Sciatica pain can radiate to the knee. Individuals with sciatica do report unique/unusual knee pain that was never there and no past or recent physical injuries. Sciatica is the culprit, as the knee muscles are powered and controlled by nerves in the lower spine. Irritation or compression of these nerves can cause symptoms that can include: random back pain, hamstring tightness, weakness in the hips or quadriceps, the development of bunions, and knee pain and/or weakness. Chiropractic treatment can release the compression, heal the sciatic nerve, and alleviate knee problems.
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Sciatica Pain Can Radiate To The Knee
Spine conditions that can cause sciatica include:
- Disc herniation – Where the inside of the discs leak out and compress and/or irritate surrounding nerves.
- Degeneration of the discs – The discs between the vertebrae wears down naturally as the body ages.
- Spinal stenosis – The spinal canal begins to narrow, not allowing enough space for the nerves to rest comfortably, resulting in compressed nerves.
- Spondylolisthesis – A condition that occurs when a vertebrae slips forward onto the vertebrae below it.
Any can cause irritation, inflammation, or compression of the sciatic nerve leading to painful sensations that extends from the lower back down through the leg.
Common knee symptoms that may be experienced with sciatica include:
- A dull ache, warm sensation, or sharp pain around the knee.
- Tightness in the hamstrings.
- Weakness in the hips or quadriceps.
- Unable to put weight on the knee.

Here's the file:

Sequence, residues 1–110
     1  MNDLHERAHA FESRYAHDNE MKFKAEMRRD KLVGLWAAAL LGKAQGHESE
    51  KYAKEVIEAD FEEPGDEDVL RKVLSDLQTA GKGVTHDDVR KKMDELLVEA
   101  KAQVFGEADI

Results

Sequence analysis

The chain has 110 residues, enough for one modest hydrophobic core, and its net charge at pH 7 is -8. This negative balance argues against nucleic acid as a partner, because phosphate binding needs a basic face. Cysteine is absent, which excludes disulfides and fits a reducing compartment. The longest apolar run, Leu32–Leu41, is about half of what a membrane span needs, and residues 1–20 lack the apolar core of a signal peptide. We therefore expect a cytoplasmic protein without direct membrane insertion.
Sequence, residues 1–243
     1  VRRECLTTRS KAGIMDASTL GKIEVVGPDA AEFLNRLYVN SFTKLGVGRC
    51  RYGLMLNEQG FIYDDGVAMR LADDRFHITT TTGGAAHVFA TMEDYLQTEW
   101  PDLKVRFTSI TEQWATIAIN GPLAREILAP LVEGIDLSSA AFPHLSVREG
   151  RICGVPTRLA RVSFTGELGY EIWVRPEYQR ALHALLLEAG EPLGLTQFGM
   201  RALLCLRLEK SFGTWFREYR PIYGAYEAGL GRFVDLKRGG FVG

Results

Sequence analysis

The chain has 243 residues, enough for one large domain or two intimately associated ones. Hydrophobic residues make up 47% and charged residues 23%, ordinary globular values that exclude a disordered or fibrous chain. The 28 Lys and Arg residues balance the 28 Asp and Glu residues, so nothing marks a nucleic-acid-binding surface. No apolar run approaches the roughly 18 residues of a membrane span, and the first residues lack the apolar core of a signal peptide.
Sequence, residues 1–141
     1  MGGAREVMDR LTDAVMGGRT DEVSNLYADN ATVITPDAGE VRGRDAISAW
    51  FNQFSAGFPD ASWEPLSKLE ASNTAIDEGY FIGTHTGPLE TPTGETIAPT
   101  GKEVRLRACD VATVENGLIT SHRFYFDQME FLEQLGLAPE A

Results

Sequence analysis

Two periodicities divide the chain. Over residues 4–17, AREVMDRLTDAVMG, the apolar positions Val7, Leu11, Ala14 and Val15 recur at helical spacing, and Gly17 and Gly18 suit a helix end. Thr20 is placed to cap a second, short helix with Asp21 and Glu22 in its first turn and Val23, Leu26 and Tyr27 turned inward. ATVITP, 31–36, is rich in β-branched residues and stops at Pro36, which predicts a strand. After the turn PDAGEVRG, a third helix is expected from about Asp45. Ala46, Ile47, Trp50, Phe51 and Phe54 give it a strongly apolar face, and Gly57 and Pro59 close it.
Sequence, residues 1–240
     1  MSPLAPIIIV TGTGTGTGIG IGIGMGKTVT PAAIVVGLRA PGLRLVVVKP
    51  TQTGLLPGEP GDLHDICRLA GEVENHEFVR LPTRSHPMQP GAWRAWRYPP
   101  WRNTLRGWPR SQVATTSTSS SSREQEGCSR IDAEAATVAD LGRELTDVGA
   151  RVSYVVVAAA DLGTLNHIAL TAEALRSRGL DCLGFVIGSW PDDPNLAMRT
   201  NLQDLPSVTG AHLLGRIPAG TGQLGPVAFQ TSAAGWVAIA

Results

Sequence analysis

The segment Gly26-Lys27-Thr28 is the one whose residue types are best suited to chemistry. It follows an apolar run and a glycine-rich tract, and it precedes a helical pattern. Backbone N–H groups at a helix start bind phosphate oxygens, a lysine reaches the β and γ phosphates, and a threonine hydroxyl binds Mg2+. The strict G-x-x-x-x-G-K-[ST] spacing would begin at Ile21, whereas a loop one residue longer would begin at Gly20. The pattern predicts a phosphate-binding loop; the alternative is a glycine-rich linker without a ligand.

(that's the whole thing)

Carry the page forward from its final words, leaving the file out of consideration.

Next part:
- Buckling/Collapsing giving out of the knee.
- Difficulty or inability to straighten the knee.
- Weakness when extending the knee.
- Bunions form from weakened stabilizing muscles that affect walking, running, and standing posture.
As sciatica pain can radiate to the knee, individuals will usually also experience pain in their buttocks, thigh, calf, and/or foot. The nerve sensations and other symptoms in the knee can be felt through a branch of the sciatic nerve known as the peroneal nerve.
The knee pain will last as long as sciatica does, depending on the type of sciatica, whether it is acute or chronic.
- An acute sciatic episode usually resolves after a few weeks, with possible future flare-ups.
- Chronic sciatica is a long-term condition that does not resolve independently and necessitates intervention by a specialist.
Chiropractic Treatment Plan
Depending on the diagnosis, a chiropractor will develop a personalized treatment plan to address the root cause and heal the injury. The treatment plan will include therapeutic massage, posture training, and at-home self-care to help heal and prevent future sciatica.
- Physical therapy and therapeutic massage will loosen and relax the muscles, nerves, tendons, and ligaments.
- Heat and ice, exercises, and stretches will prepare the muscles and nerves for chiropractic decompression adjustments.
- Training will be provided to maintain the back, hips, knees, and feet in proper alignment.
- Training on removing pressure from the lower back and restabilizing the rest of the body.
- Training on proper body mechanics, safe lifting techniques, and injury prevention.
- Training on self-care habits that include healthy weight, core strengthening exercises and stretches for the back muscles, and proper rest for a full recovery.
- Discomfort and pain management skills.
- An anti-inflammatory diet to reduce/eliminate inflammation and achieve a healthy weight and a nutrition plan to maintain overall health.
- Surgery is the final option when conservative treatments are not working.
Treating Severe & Complex Sciatica Syndromes
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Jandre Reis, Felipe Jose, and Adriana Ribeiro Macedo. “Influence of Hamstring Tightness in Pelvic, Lumbar and Trunk Range of Motion in Low Back Pain and Asymptomatic Volunteers during forwarding Bending.” Asian spine journal vol. 9,4 (2015): 535-40. doi:10.4184/asj.2015.9.4.535
Jeong, Ui-Cheol, et al. “The effects of self-mobilization techniques for the sciatic nerves on physical functions and health of low back pain patients with lower limb radiating pain.” Journal of physical therapy science vol. 28,1 (2016): 46-50. doi:10.1589/jpts.28.46
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